Dampfmaschinenhaus

Potsdam, Germany | C.1843

Photo Credit: Pavel Nekoranec

The Dampfmaschinenhaus at the Neustadter Havelbucht in Potsdam, Germany, looks like a Turkish mosque but is actually a pumping station in disguise. Its purpose was to accommodate an 81.4 horse power steam engine – a 19th century masterpiece of mechanical engineering – that was used to pump water from the River Havel to the Great Fountains in the Sanssouci Park.

The fountains in Sanssouci Park were originally designed by Prussian King Frederick the Great in the 1750s. Frederick invested heavily in the fountain system of Sanssouci Park and he planned to pump water from the Havel River to a water basin was expected to flow through a system of pipes, until it erupted in a fountain in the park.

Although Frederick spent a lot of money on the fountain, the plan never took off because of lack of expertise and technical knowledge of the builders. After endless efforts and enormous material consumption, the project was finally abandoned in 1780.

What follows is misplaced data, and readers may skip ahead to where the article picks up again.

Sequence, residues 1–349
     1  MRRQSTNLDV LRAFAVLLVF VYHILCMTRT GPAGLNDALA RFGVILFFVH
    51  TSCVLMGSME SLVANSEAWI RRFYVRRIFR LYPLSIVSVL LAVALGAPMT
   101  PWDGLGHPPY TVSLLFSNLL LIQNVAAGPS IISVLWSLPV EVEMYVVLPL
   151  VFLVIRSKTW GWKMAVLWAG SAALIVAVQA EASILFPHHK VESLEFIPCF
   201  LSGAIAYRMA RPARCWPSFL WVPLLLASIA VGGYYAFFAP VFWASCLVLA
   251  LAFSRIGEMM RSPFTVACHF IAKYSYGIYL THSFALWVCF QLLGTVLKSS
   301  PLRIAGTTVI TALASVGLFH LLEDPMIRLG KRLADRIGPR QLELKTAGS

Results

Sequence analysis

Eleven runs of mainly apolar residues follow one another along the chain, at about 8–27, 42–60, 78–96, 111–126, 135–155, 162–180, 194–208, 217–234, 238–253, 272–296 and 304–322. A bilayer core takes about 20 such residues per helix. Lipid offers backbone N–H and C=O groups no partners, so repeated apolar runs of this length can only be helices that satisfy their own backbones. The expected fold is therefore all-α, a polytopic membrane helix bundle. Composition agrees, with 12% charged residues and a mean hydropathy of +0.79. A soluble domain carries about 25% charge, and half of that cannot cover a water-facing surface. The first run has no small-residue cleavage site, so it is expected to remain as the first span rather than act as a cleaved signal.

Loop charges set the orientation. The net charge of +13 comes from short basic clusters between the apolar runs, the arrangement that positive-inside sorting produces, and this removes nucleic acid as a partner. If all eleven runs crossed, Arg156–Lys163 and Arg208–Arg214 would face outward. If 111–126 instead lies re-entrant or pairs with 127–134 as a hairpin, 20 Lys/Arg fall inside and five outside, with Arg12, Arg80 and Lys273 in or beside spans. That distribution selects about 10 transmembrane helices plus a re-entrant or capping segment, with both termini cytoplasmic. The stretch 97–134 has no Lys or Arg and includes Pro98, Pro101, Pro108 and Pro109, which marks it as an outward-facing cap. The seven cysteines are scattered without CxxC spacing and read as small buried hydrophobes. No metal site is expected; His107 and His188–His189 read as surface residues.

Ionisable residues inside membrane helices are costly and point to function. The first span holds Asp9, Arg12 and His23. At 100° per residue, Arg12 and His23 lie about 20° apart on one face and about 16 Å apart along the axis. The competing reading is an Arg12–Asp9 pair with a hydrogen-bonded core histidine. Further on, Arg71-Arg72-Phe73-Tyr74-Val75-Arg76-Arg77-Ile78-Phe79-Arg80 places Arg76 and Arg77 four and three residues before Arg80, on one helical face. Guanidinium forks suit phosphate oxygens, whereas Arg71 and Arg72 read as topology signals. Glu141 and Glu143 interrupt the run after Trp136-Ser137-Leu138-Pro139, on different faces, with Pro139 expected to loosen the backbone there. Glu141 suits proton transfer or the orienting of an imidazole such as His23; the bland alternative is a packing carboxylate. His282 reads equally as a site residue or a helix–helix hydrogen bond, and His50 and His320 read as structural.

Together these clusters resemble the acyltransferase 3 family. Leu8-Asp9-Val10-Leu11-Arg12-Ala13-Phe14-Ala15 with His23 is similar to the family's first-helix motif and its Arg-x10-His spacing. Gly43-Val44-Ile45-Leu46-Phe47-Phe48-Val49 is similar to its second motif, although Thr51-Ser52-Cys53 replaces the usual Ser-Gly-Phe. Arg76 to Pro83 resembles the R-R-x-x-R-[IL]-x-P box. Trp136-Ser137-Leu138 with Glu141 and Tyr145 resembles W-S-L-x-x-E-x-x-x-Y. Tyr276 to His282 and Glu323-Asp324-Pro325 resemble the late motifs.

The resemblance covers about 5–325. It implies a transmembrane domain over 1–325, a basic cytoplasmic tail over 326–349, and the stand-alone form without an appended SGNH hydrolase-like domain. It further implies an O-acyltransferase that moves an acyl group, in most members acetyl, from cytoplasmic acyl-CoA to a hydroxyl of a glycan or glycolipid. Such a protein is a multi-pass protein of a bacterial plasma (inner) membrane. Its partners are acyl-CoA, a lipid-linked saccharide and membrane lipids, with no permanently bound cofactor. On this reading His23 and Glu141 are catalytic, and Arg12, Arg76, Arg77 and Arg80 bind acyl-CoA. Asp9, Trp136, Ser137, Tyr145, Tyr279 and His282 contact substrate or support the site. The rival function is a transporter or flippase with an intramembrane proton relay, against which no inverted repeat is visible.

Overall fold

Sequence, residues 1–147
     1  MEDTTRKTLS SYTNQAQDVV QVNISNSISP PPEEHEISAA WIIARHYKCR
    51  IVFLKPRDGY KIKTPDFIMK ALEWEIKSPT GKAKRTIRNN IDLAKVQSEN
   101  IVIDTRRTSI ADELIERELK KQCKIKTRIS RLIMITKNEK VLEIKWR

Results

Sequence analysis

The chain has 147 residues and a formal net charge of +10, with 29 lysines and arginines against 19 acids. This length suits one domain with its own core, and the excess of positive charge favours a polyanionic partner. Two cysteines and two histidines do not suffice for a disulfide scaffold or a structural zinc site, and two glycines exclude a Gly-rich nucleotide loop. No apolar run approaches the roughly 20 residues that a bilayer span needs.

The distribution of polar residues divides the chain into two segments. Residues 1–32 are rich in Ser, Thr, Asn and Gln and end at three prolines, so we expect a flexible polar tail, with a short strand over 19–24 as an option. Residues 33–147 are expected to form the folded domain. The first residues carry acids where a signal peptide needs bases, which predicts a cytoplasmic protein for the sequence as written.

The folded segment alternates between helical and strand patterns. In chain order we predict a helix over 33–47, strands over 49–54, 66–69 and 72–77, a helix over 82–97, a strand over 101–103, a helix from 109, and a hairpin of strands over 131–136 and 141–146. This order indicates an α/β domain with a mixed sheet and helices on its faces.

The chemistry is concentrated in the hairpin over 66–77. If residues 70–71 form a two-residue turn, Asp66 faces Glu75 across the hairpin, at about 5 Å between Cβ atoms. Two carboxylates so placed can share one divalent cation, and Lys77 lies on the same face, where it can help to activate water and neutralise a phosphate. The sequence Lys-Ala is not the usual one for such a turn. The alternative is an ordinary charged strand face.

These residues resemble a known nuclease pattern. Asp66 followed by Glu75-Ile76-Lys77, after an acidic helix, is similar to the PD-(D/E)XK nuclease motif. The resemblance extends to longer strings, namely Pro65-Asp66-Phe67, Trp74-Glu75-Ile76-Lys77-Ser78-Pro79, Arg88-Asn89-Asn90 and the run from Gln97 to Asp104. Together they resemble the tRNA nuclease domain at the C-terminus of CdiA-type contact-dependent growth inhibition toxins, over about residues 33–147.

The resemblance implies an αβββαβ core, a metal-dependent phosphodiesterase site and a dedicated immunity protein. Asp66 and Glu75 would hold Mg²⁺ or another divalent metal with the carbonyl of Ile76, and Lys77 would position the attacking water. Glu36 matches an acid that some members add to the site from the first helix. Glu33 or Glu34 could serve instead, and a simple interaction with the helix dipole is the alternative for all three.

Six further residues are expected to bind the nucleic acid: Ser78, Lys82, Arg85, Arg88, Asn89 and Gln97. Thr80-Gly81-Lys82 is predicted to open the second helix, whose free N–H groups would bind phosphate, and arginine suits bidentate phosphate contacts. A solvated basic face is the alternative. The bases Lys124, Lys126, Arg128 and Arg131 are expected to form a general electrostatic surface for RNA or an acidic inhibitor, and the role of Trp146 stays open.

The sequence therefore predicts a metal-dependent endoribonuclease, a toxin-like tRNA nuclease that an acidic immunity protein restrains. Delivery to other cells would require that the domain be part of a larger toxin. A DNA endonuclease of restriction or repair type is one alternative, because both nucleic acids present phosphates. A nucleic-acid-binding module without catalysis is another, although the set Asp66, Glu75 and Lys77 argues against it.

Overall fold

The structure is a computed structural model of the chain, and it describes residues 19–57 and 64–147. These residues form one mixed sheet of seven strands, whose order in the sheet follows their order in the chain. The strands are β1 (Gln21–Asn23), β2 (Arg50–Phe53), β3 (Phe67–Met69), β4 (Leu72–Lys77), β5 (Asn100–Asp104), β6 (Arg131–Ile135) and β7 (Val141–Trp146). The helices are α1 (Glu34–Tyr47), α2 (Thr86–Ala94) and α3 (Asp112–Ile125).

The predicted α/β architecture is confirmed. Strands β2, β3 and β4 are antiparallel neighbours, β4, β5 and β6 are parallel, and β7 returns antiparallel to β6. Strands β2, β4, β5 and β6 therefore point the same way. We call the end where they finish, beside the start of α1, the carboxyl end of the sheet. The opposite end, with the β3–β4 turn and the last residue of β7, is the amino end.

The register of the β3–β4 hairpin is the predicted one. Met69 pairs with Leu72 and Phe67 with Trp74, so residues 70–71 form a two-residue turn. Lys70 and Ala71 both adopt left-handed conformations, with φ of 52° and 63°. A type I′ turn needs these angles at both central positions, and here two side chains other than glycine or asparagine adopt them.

60 years later, the King’s wishes were eventually fulfilled by his grandson Friedrich Wilhelm IV, with the help of a steam engine. In 1842, Germany’s strongest steam engine of 81.4 horse power designed by August Borsig started working and made the water jet of the Great Fountain below the vineyard terraces rise to a height of 38 meters.

The pump was a two-cylinder steam engine operating at a meager efficiency of 3% and consumed 4 tons of coal everyday. To house the machine, the King asked Prussian architect Ludwig Persius to build a pumping station, and design it in the style of a Turkish Mosque with a minaret disguising the funnel.

In 1895, the steam engine was replaced by a new, more powerful engine with 160 horsepower. Since 1937, the pump is run by two electrically driven centrifugal pumps. In September 1985, the steam engine house was converted to a museum and technical monument opened to the public.

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